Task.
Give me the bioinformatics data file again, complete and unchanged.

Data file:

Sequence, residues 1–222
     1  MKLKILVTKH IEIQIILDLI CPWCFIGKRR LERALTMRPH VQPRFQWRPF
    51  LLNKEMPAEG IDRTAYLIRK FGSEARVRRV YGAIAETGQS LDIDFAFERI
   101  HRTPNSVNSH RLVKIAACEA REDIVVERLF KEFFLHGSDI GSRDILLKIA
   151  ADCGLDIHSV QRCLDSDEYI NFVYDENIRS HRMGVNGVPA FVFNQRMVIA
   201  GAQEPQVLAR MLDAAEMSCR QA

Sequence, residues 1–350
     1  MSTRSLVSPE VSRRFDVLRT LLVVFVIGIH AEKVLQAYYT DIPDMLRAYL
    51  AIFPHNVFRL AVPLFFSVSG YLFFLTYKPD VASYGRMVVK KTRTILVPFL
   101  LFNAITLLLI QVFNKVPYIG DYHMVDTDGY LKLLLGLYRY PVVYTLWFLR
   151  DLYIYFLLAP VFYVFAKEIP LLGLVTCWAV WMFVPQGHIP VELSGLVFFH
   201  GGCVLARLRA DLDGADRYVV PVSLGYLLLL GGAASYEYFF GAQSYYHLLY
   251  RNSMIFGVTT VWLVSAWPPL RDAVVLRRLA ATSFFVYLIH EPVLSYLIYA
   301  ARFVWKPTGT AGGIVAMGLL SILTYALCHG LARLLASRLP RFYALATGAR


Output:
Sequence, residues 1–222
     1  MKLKILVTKH IEIQIILDLI CPWCFIGKRR LERALTMRPH VQPRFQWRPF
    51  LLNKEMPAEG IDRTAYLIRK FGSEARVRRV YGAIAETGQS LDIDFAFERI
   101  HRTPNSVNSH RLVKIAACEA REDIVVERLF KEFFLHGSDI GSRDILLKIA
   151  ADCGLDIHSV QRCLDSDEYI NFVYDENIRS HRMGVNGVPA FVFNQRMVIA
   201  GAQEPQVLAR MLDAAEMSCR QA

Sequence, residues 1–350
     1  MSTRSLVSPE VSRRFDVLRT LLVVFVIGIH AEKVLQAYYT DIPDMLRAYL
    51  AIFPHNVFRL AVPLFFSVSG YLFFLTYKPD VASYGRMVVK KTRTILVPFL
   101  LFNAITLLLI QVFNKVPYIG DYHMVDTDGY LKLLLGLYRY PVVYTLWFLR
   151  DLYIYFLLAP VFYVFAKEIP LLGLVTCWAV WMFVPQGHIP VELSGLVFFH
   201  GGCVLARLRA DLDGADRYVV PVSLGYLLLL GGAASYEYFF GAQSYYHLLY
   251  RNSMIFGVTT VWLVSAWPPL RDAVVLRRLA ATSFFVYLIH EPVLSYLIYA
   301  ARFVWKPTGT AGGIVAMGLL SILTYALCHG LARLLASRLP RFYALATGAR